On Sept. 5, President Trump announced he would end the Deferred Action for Childhood Arrivals (DACA) program in six months, giving Congress time to pass legislation to modify and continue the program. The decision has caused widespread consternation and confusion over what the government will do in the meantime.
“If Congress acts to protect DACA recipients, they will likely do so with a bill such as the DREAM Act which has been introduced in Congress, but never enacted,” notes attorney Grant Sovern of the law firm of Quarles & Brady. As this column was being written, the President was reaching out to Democrats in Congress, trying to get legislation passed to save major parts of DACA, a process also fraught with confusion.
The first thing you need to know is that as of Sept. 5 the U.S Citizenship and Immigration Services ceased accepting new or initial applications for DACA benefits, including renewable two-year work permits. Cases that were pending review at that time were administratively closed and the filing fees refunded. As of Aug. 20, there had been 106,341 such requests pending, including 34,487 initial requests and 71,854 renewals.
If your business employs any of the estimated 800,000 people who entered the United States under DACA, their Employment Authorization Documents (EADs) remain valid until they expire. (The 5,200 people whose EADs were scheduled to expire by March 5, 2018, had been given until Oct. 5, 2017 to file renewal applications).
You may want to do something to help, but here’s the hitch: Workers are not obligated to inform their employers whether the EADs they hold were obtained under the DACA program, Sovern points out. On top of that, it is illegal for an employer to ask any employee whether he or she is a DACA recipient or how they obtained their EAD. If an employee informs you about DACA status, however, then you may discuss these issues.
As is the case when other kinds of work authorizations expire, employers are not legally obligated to inform the government when a DACA employee’s EAD expires, Sovern says.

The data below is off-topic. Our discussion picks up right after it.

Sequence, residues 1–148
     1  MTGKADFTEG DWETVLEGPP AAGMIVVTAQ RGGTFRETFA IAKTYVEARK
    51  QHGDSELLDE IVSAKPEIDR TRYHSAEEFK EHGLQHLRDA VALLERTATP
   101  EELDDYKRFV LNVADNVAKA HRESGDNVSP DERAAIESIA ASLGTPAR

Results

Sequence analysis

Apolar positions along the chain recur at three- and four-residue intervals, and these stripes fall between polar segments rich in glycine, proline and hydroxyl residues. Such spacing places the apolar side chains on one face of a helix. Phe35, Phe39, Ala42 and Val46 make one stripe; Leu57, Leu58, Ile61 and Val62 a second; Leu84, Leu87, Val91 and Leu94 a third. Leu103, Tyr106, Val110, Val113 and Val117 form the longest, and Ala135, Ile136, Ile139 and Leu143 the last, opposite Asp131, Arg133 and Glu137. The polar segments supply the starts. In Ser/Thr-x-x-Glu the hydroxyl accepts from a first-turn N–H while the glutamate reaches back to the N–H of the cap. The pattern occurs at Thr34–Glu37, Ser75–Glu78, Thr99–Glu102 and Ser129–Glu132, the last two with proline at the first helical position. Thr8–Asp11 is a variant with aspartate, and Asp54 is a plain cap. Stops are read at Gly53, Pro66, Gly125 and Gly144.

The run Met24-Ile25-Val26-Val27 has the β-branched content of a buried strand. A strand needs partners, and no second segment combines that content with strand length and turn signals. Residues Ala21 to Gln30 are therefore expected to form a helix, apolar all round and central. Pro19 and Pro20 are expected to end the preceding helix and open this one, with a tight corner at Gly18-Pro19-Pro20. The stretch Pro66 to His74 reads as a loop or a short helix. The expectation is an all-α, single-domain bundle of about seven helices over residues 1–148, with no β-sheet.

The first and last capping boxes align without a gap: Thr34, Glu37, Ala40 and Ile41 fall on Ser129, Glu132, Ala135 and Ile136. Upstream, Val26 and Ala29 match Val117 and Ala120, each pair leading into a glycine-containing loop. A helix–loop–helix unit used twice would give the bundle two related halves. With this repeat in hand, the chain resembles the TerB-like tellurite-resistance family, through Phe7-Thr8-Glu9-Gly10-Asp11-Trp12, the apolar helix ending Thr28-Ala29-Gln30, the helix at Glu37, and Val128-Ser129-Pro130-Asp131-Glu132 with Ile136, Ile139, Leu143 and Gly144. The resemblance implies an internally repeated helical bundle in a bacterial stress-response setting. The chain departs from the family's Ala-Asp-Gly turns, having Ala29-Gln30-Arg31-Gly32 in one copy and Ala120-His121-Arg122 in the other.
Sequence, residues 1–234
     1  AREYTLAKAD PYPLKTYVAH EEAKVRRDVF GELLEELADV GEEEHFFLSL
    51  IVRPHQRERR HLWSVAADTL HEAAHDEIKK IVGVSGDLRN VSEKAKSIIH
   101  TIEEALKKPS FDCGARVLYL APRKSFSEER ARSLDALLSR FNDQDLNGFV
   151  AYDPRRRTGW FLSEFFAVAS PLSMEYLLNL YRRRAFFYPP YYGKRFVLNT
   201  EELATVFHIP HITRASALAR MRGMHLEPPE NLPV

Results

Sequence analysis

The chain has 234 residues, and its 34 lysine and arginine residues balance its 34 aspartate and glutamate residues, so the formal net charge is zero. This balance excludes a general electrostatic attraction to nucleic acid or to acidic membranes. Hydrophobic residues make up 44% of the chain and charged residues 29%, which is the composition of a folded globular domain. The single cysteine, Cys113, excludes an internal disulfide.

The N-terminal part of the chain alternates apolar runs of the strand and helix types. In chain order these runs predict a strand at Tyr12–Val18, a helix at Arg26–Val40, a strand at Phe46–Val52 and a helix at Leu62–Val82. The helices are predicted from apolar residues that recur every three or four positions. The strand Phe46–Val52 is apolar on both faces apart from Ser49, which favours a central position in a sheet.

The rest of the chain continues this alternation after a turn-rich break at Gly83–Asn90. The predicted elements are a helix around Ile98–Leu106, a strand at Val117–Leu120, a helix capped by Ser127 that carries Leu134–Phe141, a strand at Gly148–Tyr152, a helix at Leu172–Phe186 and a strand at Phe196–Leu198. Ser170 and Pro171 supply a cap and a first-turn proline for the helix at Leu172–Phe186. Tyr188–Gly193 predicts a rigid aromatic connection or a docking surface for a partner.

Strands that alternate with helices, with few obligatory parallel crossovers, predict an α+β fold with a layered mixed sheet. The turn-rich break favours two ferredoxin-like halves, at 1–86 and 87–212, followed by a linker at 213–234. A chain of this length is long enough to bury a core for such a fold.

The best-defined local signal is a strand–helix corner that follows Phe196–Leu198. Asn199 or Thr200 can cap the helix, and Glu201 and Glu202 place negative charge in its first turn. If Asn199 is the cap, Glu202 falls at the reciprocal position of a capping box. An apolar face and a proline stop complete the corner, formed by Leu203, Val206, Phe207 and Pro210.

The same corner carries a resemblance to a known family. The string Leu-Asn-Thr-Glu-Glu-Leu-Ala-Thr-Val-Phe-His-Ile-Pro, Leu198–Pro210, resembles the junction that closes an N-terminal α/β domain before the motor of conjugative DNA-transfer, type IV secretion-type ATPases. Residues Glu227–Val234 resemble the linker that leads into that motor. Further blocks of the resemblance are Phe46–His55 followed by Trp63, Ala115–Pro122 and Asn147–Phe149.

The Catch 22—you knew there had to be one—is that if Immigration and Customs Enforcement (ICE) discovers a current employee’s EAD has expired, the employer can be fined from $375 to $14,050 per employee for knowingly hiring or continuing to employ someone who is not authorized to work in the U.S. In addition, it is the employer’s responsibility to approach the employee and see if they will have a new basis for obtaining work authorization before their current authorization expires.
When it comes to the threat of deportation for DACA recipients whose EADs have expired, the administration has asserted that it has no specific plans to target them, but the fact remains that the law no longer protects them from deportation.
A complicating factor stems from persistent accusations that when the DACA program went into effect in 2012, Obama-era agencies allowed many of the 800,000 to enter the country in violation of the program’s own requirements, such as failing to meet the established age limits or possessing disqualifying criminal records.
You may feel sympathy for your workers who find themselves in this situation and who did everything the way they were supposed to, but Sovern warns employers to back away from giving them any specific advice in this highly complex field of law.
“Every DACA employee’s situation is potentially different and employers should not attempt to give immigration advice about their status in the U.S.,” he urges. “Instead, employers should recommend that the employee speak to an experienced immigration attorney who can gather all of the relevant information and help them evaluate legal risks and any available immigration options.”
David Sparkman is founding editor of ACWI Advance (www.acwi.org), the newsletter of the American Chain of Warehouses Inc., as well as a member of the MH&L Editorial Advisory Board.